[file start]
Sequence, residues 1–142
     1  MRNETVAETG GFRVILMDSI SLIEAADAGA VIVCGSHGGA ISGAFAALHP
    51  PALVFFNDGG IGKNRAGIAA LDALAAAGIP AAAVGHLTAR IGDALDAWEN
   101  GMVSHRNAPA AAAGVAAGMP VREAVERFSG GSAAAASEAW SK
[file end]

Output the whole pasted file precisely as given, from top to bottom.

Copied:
Sequence, residues 1–142
     1  MRNETVAETG GFRVILMDSI SLIEAADAGA VIVCGSHGGA ISGAFAALHP
    51  PALVFFNDGG IGKNRAGIAA LDALAAAGIP AAAVGHLTAR IGDALDAWEN
   101  GMVSHRNAPA AAAGVAAGMP VREAVERFSG GSAAAASEAW SK